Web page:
STILLWATER - Five years. Seems like forever ago. Seems like yesterday. Continuing coverage Andre Williams thinks often of OSU's Fallen 10, the men who perished in snowy Colorado five years ago tonight. A plane crashed, a state mourned, a close-knit school drew even closer together. Now half a decade has passed. The pain has dulled; the memories have not. "Every day is different, Williams said. "Some days I think about it more than others. Williams was a sophomore center in January 2001. Seemed like a promising player. Turns out, Williams had undiscovered talent. He was chosen to speak at the memorial service for the Fallen 10, in front of more than 13,000 mourners at Gallagher-Iba Arena. Williams' comforting eloquence soothed sorrow. He read a poem, "I Am Free. He talked of his friends. He finished by saying, "This isn't really good-bye. If we believe, we know this isn't good-bye. We'll see them in the morning. We never saw Andre Williams the same again. Williams now is three years past his OSU basketball career. He's been to Europe to play and now is back in Stillwater, finishing his degree and hosting a daily sports radio show on KOKB, 1580-AM. As often as Williams thinks of the plane crash, he thinks of the days before, "about how much fun I had my freshman year, Williams said. He lived in Bennett Hall, Room 218-C. His suitemates were Nate Fleming, Room 218-A, and Daniel Lawson, Room 218-B. Fleming and Lawson were the two Cowboy players killed in the crash. "First two people I ever met in college, Williams said. "They made my freshman year fun and memorable. But other than co-pilot Bjorn Fahlstrom, Williams was close to all the victims. "I used to harass everybody on that plane. I had a close relationship with pretty much everybody. Williams remains tight with many of the families. He calls Fleming's mother "a surrogate mom to me. He still phones Lawson's mother in Michigan. The daughter of broadcaster Bill Teegins and the sister of staff member Pat Noyes remain among Williams' closest friends. Williams has been immersed into that special bond that seems to exist at OSU. Campus wide, there's an affinity for the school, and graduates don't lose it when they're gone. It's old school, charming and deep. The plane crash made it even deeper. "Stillwater's my home, Williams said. "I moved my mom down here. She and my little brother live here. Stillwater is where I found stability, after bouncing from city to city, school to school. Williams long ago paid the debt for such a powerful hold on him, when he shared his feelings at the memorial service. Eddie Sutton asked him to speak, and Williams became the voice of the team, much the same way future-athletic director Harry Birdwell became the voice of the university. Williams was best prepared to deliver a message. He had known tragedy, the deaths of friends and family growing up in Kansas City, Kan. "I dealt with a lot of things, Williams said. "My grieving process was a little more advanced. A lot of people found comfort in the strength I projected. I just had a better grip on dealing with death. Sadly, and with a little help from an unexpected source, we all have a better grip on death. Berry Tramel: 475-3314, email@example.com; Berry Tramel's radio show, the Writer's Block, can be heard Monday-Friday from 4-7 p.m. on KREF-AM 1400, KADA-AM 1230 and KSEO-AM 750.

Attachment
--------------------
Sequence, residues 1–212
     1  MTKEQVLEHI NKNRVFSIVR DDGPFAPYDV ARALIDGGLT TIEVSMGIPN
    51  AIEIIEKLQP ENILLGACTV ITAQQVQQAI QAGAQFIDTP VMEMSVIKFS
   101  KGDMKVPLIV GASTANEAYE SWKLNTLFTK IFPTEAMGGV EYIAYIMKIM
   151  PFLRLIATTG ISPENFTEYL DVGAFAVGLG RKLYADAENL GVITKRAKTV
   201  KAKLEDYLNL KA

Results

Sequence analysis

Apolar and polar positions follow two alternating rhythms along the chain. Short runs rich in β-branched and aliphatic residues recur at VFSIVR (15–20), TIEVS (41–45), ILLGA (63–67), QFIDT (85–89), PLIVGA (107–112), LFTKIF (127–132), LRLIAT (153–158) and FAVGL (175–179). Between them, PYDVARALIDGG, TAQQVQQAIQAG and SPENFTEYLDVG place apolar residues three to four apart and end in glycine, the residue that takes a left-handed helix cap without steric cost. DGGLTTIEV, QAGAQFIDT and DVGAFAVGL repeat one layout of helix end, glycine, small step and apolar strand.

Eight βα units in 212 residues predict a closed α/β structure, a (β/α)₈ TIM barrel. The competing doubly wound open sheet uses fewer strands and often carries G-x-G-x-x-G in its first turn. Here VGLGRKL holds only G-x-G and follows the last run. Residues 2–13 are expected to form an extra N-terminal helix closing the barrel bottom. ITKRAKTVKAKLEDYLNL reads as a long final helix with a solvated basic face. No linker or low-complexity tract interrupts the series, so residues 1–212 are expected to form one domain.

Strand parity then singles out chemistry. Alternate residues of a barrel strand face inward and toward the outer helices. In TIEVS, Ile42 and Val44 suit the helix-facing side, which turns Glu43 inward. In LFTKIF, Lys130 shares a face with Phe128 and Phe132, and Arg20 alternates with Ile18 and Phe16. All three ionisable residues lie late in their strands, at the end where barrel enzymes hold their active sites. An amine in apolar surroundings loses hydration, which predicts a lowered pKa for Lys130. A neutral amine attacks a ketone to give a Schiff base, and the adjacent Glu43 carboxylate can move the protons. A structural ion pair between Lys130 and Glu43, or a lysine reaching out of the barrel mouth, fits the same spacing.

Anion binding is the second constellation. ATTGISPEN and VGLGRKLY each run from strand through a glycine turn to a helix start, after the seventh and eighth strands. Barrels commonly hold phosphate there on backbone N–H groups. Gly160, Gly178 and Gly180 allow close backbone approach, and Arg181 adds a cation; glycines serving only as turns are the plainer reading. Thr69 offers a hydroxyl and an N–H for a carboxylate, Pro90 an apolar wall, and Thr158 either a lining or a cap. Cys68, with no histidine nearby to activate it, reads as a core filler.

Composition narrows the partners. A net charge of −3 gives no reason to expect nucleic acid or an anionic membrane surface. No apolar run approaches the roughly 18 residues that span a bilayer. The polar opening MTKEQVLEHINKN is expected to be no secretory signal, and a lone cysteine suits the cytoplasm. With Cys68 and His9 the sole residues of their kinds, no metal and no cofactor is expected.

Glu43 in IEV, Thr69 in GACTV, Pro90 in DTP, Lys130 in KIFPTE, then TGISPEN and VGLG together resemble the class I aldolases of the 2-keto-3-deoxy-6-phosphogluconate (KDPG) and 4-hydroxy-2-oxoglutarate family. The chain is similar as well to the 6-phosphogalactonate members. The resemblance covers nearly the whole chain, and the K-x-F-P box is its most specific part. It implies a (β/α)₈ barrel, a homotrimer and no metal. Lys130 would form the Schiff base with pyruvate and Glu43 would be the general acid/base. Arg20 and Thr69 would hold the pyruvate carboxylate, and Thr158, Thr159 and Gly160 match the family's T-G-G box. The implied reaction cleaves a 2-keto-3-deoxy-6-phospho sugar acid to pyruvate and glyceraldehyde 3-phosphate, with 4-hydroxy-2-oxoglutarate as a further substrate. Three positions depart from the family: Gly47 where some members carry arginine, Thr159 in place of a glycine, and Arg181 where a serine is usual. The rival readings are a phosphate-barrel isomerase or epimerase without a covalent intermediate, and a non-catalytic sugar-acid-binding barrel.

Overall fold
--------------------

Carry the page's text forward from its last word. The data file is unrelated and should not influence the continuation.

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Remembrance ceremonyA fifth anniversary remembrance of the plane crash that killed 10 members of the Oklahoma State basketball family will be held at 4 p.m. today inside Gallagher-Iba Arena. The ceremony, in the south lobby near the kneeling cowboy memorial, is for family and friends. Visitors are welcome, but seating will be limited. Oklahoma State president David Schmidly, assistant athletic director for media relations Steve Buzzard and former OSU president James Halligan will speak at the 20-minute ceremony. Quoting the fans Today marks the fifth anniversary of a plane crash in Colorado that killed 10 men from Oklahoma State’s basketball family. OSU officials constructed a permanent tribute in the southwest corner of Gallagher-Iba Arena near Heritage Hall. Featuring the words “We Will Remember”, a bronze statue of a kneeling cowboy is surrounded by 10 plaques, each with a photo and tribute written by family members. Listed below are comments from people who visited the memorial for the first time earlier this year: GENE HOWCHINS, 35Sales engineer from Atlanta, Ga., who attended the Texas A&M game with an OSU friend: “I like the kneeling cowboy. It’s really nice Oklahoma State did something to show their gratitude. These 10 men (essentially) were on business for OSU. It’s sad. So many of them were so young, about my age. But not being from this part of the country I had no idea who was actually on that plane. It’s emotional when you read some of the things the family members wrote.” LINDA POOLE, 591968 OSU graduate, who has lived in Phoenix for 17 years but is originally from Oklahoma City: “This is my first basketball game since I was at Oklahoma State years ago. When the plane crashed five years ago it was heart wrenching even if you weren’t part of the OSU community at the time. (The memorial) is very appropriate, very tasteful. It obviously brings different things to mind for different people. For me, it’s very touching. I’m very proud of what they did.” NEIL MOORE, 74Broken Arrow resident: “It’s real impressive. Reading about all the people, you were familiar with some of them like Bill Teegins, who did games on the radio. It’s a real impressive memorial. It’s emotional, touching to the heart. It’s good, very good, a nice tribute to those men who tragically lost their lives.” MELISSA MARTIN, 21Martin is from Stillwater and attends school at Washington University in St. Louis: “I like the intimacy of it. I feel it’s very appropriate where it’s set away from everything but still welcomes you in to learn about this on your own. The family dedications were really touching. It’s subtle but filled with emotion.” NORBERT GERBER, 61Gerber was visiting Gallagher-Iba for the second time: “It’s touching. To see these people and players on that wall, it’s fascinating to see something like this where they remember all 10 men. Things written by family members was a very nice touch.” ED COOK, 60A 1968 OSU graduate who lives in Perry: “I lived in Piedmont the time of the crash. It’s a wonderful tribute. It’s really moving, especially the kneeling cowboy.” SARAH HOLLE, 19A sophomore biochemistry major who helped Kappa Kappa Gamma and Phi Delta Theta build a “We Will Remember” float for the homecoming parade: “Our theme was to remember the 10, a memorial to the plane crash. We wanted to respect the 10 people who died. It was a little controversial. Some people thought it was too much. But it was very emotional. We saw a lot of people crying.” By Mike Baldwin